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A tissue-like neurotransmitter sensor for the brain and gut

Abstract

Neurotransmitters play essential roles in regulating neural circuit dynamics both in the central nervous system as well as at the peripheral, including the gastrointestinal tract1,2,3. Their real-time monitoring will offer critical information for understanding neural function and diagnosing disease1,2,3. However, bioelectronic tools to monitor the dynamics of neurotransmitters in vivo, especially in the enteric nervous systems, are underdeveloped. This is mainly owing to the limited availability of biosensing tools that are capable of examining soft, complex and actively moving organs. Here we introduce a tissue-mimicking, stretchable, neurochemical biological interface termed NeuroString, which is prepared by laser patterning of a metal-complexed polyimide into an interconnected graphene/nanoparticle network embedded in an elastomer. NeuroString sensors allow chronic in vivo real-time, multichannel and multiplexed monoamine sensing in the brain of behaving mouse, as well as measuring serotonin dynamics in the gut without undesired stimulations and perturbing peristaltic movements. The described elastic and conformable biosensing interface has broad potential for studying the impact of neurotransmitters on gut microbes, brain–gut communication and may ultimately be extended to biomolecular sensing in other soft organs across the body.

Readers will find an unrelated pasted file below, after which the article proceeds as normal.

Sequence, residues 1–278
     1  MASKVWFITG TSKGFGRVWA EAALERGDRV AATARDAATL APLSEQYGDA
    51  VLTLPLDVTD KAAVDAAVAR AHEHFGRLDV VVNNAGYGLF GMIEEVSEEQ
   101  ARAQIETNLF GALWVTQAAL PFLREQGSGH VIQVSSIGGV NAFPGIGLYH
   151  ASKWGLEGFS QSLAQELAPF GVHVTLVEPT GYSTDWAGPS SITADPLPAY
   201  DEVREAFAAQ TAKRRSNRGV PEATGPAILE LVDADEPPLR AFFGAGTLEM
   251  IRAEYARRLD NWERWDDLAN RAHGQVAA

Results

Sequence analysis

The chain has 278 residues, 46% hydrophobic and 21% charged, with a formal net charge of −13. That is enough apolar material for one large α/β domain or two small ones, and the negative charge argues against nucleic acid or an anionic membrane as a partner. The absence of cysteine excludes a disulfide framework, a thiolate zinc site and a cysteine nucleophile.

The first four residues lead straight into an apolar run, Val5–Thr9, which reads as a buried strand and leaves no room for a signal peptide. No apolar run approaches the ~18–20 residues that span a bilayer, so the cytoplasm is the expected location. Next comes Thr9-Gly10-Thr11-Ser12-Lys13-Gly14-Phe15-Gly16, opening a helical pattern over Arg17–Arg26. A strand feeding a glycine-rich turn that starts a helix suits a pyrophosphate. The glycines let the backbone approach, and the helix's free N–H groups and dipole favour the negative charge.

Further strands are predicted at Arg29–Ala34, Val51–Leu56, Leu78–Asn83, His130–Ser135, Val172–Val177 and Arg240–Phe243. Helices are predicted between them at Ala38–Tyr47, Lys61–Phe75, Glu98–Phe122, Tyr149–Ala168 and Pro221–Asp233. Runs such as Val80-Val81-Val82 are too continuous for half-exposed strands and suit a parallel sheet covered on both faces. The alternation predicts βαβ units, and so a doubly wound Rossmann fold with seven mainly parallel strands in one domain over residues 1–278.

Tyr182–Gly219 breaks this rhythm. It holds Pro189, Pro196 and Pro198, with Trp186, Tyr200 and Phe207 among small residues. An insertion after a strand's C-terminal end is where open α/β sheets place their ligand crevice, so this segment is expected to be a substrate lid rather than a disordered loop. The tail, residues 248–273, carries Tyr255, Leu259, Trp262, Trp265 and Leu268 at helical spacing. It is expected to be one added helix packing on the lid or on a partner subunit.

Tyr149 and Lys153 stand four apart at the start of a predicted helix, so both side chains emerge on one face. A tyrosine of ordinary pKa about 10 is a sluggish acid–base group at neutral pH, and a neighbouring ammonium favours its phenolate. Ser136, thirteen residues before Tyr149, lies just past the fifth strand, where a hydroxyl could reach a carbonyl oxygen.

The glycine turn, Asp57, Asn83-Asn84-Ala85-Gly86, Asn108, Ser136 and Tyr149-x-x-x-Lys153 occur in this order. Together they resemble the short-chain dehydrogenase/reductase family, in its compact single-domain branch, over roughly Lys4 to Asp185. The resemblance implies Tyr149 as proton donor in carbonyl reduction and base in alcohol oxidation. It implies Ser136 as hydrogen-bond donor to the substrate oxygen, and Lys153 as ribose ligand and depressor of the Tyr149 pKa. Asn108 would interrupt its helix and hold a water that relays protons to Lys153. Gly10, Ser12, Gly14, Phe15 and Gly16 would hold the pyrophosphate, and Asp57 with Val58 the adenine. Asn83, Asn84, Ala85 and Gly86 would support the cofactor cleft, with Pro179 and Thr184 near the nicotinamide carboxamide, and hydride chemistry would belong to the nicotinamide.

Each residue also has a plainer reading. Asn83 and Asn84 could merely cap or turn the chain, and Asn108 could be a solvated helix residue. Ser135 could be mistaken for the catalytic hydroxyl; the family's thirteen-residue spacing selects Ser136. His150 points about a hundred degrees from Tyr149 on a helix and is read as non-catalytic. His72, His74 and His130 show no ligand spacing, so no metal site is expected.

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Fig. 1: NeuroString for sensing neurotransmitters in the brain and gut.
Fig. 2: Electrochemical sensing performance of NeuroString electrode in solution.
Fig. 3: Neurochemical sensing in the brain.
Fig. 4: Neurochemical sensing in the GI system.

Data availability